FACTORY JOBS IN Taiwan 2023
The number of Filipino workers is expected to rise by twenty thousand in the next few months. This is because a lot of factories have started hiring people and increasing the production rates for the new year. As well as this, quality issues are starting to become a problem. In addition, a Chinese New Year is coming up and some workers will have to be disrupted.
Average salary range for a production worker
The Taiwanese economy has a high-tech, industrialized Asian character, ranking it as one of the top 25 economies in the world. However, Taiwan faces the competition of cheaper China and struggles to prosper as a trade and manufacturing hub.
Taiwan’s GDP is expected to increase by 3.3% in 2022. In nominal terms, the average salary in the country is predicted to rise by 4.0% in 2023.
SALARY AND BENEFITS
This average salary level is based on a survey of Taiwanese workers conducted by 104 Job Bank in 2016. The results of the survey show that the average total pay will be NT$677,000 in 2022.
Among the highest paying sectors are the semiconductor industry and the computer and consumer electronics sector. These industries compete for talent, offering higher salaries.
One of the key factors determining an income is the experience level of the employee. Workers with more than five years of experience can enjoy a 36% pay boost. Employees with a master’s degree enjoy a 29% pay increase.
Chinese New Year disruptions
If you are in the business of manufacturing goods, Chinese New Year is probably going to cause disruptions. It’s a seven day holiday, but the timing can vary from year to year.
One of the reasons for this is that factories need time to ramp up production before CNY. This could mean hiring more workers. Whether you are importing or manufacturing products, you are likely to be charged more for any orders you receive in the weeks leading up to the holiday.
Another reason for this is that factories are usually on a mad dash to get orders out the door before the big day. They might even hire inexperienced workers. That could translate to lower quality products.
There are a few other factors to consider in scheduling your factory during the Chinese New Year. First, you need to be prepared for shipping space shortages. Secondly, you need to make sure your materials are in place in warehouses or on ships so they are ready to go when they arrive.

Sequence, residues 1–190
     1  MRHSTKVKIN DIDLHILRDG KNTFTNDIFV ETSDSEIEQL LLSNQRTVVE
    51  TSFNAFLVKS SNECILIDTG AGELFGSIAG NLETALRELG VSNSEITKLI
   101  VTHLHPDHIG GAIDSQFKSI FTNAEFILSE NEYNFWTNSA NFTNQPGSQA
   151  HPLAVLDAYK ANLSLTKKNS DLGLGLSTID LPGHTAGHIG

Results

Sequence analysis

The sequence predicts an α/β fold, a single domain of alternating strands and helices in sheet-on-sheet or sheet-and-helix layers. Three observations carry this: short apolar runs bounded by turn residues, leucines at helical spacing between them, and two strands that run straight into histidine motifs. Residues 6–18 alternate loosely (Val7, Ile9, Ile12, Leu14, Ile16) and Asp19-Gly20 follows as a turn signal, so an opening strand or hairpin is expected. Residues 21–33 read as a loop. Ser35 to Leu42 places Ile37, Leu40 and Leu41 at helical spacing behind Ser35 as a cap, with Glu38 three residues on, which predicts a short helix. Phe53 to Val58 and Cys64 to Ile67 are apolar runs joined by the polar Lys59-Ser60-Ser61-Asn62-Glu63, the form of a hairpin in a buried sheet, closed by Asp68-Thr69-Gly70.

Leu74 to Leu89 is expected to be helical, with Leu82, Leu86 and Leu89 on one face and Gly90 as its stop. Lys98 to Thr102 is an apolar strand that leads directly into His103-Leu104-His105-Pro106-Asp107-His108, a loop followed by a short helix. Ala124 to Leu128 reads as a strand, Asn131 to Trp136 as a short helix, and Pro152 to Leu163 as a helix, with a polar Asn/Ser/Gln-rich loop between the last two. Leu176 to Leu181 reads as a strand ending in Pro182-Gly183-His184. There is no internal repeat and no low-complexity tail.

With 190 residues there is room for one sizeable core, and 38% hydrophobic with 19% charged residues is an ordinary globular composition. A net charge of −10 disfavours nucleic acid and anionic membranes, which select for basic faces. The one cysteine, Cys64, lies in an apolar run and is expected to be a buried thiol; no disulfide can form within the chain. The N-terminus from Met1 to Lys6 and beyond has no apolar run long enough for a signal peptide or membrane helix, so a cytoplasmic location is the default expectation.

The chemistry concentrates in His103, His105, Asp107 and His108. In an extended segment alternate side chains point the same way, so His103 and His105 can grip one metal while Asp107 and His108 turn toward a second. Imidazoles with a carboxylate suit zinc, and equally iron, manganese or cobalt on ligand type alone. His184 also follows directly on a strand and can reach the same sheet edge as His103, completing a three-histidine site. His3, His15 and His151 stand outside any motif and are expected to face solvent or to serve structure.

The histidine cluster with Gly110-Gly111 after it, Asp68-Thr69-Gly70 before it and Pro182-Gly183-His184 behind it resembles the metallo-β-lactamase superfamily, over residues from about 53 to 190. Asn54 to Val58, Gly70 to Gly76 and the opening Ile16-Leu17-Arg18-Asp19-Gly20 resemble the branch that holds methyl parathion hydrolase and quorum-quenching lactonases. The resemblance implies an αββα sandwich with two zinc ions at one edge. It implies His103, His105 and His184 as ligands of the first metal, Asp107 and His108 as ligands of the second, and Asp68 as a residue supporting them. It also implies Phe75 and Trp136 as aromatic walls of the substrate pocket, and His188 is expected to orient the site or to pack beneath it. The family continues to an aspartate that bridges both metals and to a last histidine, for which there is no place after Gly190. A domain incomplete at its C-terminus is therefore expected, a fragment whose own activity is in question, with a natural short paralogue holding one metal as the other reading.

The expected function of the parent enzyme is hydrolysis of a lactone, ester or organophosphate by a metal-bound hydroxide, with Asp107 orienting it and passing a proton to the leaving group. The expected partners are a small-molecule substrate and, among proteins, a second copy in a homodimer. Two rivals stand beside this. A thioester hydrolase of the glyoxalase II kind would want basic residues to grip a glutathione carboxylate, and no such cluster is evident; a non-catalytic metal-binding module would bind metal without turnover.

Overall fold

Increasing quality issues after the Chinese New Year
If you’re a business owner who works with factories in Taiwan, you’ve probably heard that the Chinese New Year is coming up soon. It’s the most important holiday for the Chinese and it’s a time for families to come together.
However, this holiday can be stressful for businesses. In addition to causing supply chain disruptions, Chinese New Year can lead to increased quality issues and longer production delays.
Fortunately, there are some things you can do to avoid the most common problems. For one, you should start thinking about your production schedule well before you receive your first order. You should also plan for possible travel delays, the cost of shipping, and the length of your supplier’s supply chain.
Similarly, you should be able to find out if your inventory can be moved to avoid a potential production hold-up. Having all materials and goods in one location reduces the risk of a shipment being delayed.
20,000 more Filipino workers expected to be hired by FEBRUARY
The Philippines is a southeast Asian nation that lies between the South China Sea and the Pacific Ocean. It is known for its beautiful beaches and a variety of flora and fauna. However, the country is also prone to natural disasters, such as typhoons and earthquakes. A record-breaking typhoon hit the island in December of last year, leaving many Filipinos homeless.
After the storm, Catholic Relief Services began helping families in the area resettle and rebuild their homes. CRS is working with local partners to help the Filipino community rehabilitate and recover. They are building emergency shelters and teaching families how to build resilience in the face of disasters.
Among the areas CRS works in the Philippines are agro-enterprise development, peacebuilding, agro-environmental protection, and disaster response. During the Haiyan relief and rebuilding effort, a new community was built for 900 families in Anibong.
Typhoon Haiyan destroyed the town of Anibong. Residents lost their lives and their homes. The community remains dangerous, with no running water and no toilets.